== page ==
Fish, crustaceans and cephalopods: Behavioural responses of fish to seismic noise is varied and include leaving the area of the noise, changes in depth distribution, spatial changes in schooling behaviour, as well as startled responses to short range start-up or high level sounds.In some cases behavioural responses were observed up to 5 km distance from the seismic air gun array. Recent research by Fewtrell and McCauley (2012) indicate a clear behavioural response to air gun noise levels. As these increase, fish respond by moving to the bottom of the water column and swimming faster in more tightly cohesive groups. Significant increases in alarm responses were observed in fish and squid to air gun noise above 147–151 dB (re 1µPa2.s SEL). An increase in the occurrence of alarm responses was also observed as the noise level increased. A later study showed a strong likelihood of damage to the ears of some fish. Such impacts could have significant implications for the behaviour and fitness of populations of fish species. Although the effects of air gun noise on the spawning behaviour of fish have not been quantified to date, researchers believe that if fish are exposed to powerful external forces on their migration paths or spawning grounds, they may be disturbed or even cease spawning altogether.

Similar studies have produced comparable results for cephalopods (octopuses, squid, cuttlefish and Nautiloidea) and crustaceans in a number of parts of the world. Such effects on species located lower in the food chain can easily have effects on top predators such as harbour porpoises, as long as prey species are affected.

Disruption of behaviour during critical periods such as mating, spawning and migration could be particularly important. However, the significant absence of studies before, during and after surveys means that empirical evidence is hard to demonstrate. The absence of studies is mostly because the industry has been reluctant to fund or facilitate the studies. However, the absence of evidence is not evidence of absence. Seismic survey proponents cannot empirically demonstrate that their activities cause no harm.


All cetaceans are offered strict species protection under Article 12 of the EU Habitats Directive, where the harbour porpoise is listed as an Annex II. Particular obligations apply to the habitats of Annex II cetaceans under Article 6(2). This provision prescribes a two-pronged approach to habitat protection, with Member States to “take appropriate steps to avoid, in the Special Areas of Conservation, the deterioration of natural habitats and the habitats of species as well as disturbance of the species for which the areas have been designated, in so far as such disturbance could be significant in relation to the objectives of the Directive”.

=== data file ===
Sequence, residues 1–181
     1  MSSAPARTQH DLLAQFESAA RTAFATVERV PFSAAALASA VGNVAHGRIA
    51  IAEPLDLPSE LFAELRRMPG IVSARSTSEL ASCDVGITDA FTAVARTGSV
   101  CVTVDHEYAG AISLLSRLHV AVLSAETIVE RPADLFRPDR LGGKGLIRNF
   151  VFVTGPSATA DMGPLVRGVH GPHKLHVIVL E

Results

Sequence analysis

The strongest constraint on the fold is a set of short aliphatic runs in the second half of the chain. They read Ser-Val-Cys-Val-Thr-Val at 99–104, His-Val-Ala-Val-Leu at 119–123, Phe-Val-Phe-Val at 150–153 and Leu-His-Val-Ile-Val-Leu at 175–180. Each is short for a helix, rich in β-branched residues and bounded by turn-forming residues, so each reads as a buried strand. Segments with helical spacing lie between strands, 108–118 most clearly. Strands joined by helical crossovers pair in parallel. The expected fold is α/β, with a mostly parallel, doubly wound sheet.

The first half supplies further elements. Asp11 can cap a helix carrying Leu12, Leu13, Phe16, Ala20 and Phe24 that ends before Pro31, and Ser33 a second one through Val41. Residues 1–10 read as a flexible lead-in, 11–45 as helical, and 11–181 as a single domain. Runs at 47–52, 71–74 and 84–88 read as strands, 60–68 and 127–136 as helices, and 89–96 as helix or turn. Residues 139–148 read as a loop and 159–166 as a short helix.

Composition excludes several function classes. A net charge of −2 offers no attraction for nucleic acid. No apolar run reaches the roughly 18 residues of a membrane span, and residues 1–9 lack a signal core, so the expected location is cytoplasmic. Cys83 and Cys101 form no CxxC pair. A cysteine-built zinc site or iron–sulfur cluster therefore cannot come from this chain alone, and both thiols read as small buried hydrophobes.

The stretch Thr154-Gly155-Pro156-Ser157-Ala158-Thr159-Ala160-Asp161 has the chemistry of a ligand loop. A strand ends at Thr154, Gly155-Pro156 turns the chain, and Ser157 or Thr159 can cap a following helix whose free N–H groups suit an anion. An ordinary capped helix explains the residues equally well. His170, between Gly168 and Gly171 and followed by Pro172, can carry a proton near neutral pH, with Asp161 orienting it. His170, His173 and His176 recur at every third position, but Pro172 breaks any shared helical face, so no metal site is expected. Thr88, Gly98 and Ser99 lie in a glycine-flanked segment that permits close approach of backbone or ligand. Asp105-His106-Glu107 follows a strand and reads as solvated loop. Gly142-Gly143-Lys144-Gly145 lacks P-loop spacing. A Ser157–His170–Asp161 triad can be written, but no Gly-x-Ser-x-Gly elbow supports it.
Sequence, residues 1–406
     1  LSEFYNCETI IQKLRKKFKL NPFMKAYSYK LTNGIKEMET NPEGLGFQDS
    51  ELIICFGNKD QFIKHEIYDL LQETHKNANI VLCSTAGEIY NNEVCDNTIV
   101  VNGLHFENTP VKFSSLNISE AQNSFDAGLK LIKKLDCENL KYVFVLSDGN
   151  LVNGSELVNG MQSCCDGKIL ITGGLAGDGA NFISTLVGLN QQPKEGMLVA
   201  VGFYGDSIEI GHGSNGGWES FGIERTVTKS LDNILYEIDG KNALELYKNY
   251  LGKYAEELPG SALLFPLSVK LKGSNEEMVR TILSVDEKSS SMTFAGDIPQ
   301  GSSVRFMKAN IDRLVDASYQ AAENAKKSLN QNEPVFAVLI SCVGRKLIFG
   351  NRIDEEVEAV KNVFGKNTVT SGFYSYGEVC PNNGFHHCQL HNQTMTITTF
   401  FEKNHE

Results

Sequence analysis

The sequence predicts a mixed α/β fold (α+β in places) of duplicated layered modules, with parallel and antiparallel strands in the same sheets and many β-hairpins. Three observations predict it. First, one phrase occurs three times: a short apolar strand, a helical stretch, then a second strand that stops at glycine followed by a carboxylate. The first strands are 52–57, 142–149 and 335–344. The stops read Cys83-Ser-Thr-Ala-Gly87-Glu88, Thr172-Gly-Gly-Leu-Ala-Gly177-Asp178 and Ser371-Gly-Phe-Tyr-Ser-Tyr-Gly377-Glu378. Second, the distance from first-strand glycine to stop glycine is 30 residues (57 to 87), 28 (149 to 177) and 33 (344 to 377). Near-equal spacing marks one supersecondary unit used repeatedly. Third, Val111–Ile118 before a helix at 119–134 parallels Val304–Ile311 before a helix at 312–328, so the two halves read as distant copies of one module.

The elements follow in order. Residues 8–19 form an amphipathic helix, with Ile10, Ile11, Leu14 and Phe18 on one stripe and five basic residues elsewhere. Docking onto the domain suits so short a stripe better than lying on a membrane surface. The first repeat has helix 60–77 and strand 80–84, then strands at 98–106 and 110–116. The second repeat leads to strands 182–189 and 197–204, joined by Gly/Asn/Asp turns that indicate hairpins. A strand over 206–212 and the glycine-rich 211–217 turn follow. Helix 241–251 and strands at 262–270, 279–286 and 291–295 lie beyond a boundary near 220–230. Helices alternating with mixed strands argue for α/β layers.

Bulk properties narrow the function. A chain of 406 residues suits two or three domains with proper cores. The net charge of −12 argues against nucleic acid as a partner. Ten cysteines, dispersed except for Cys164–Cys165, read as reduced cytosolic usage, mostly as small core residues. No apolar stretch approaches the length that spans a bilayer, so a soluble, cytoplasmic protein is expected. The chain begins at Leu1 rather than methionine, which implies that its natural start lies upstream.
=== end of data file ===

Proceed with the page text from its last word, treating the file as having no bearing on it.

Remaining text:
Harbour porpoises are seemingly wide ranging throughout the year in Dutch waters, with locally varying densities throughout the Southern Bight. Clusters of sightings may occur in certain areas, with hydrographical characteristics locally (and temporally) enhancing the foraging conditions (e.g. frontal systems), but these are seemingly short-lived and/or of seasonal importance only (CamphuysenSiemensma 2011). Nonetheless, The Netherlands, in recognising their role in contributing to a coherent network, has designated four SACs with the harbour porpoise as a B grade.

In order to effectively protect cetaceans from in-combination and cumulative threats, and meet the requirements of the EU Habitats Directive, including favourable conservation status (FCS), and Good Environmental Status (GES) under the MSFD, a combination of both spatial management and wider management is required. Action must be taken to meet the Directive’s requirements to ensure the favourable conservation status of populations of some cetaceans outside designated SACs as well as within them, and this will be predicated on having adequate data to be able to show this. At the most basic level, baseline monitoring for the marine species found in the areas of interest should be undertaken to allow for informed decision making. We are of the opinion that a priority must be the establishment of an effective long-term continuous research and monitoring program to address the deficiencies in our knowledge with regards to characteristics and effects of seismic survey operations and mitigation methods.

Directly neighbouring the survey area, in German waters, the Borkum Reef Ground has been declared a SAC under the HD because it hosts a rich diversity of fauna species in a relatively small area. The many different ecological communities come together in a great mosaic of biodiversity. One of the site’s main functions is revealed in conjunction with the tides: It is an important stepping stone for the spread of species across the southern North Sea. Habitats Directive Annex II species found here are harbour porpoises, grey seals and common seals. These are consequently included in the conservation objectives. Harbour porpoises are spotted with low average frequency but on an ongoing basis, sometimes with calves. They are thought to be part of the fairly small, endangered subpopulation of the southern North Sea whose distribution centre is off the Dutch coast. The conservation objectives of this SAC include the maintenance and restoration at favourable conservation status of the following Habitats Directive species and their natural habitats: harbour porpoise, common seal, grey seal and twait shad. (see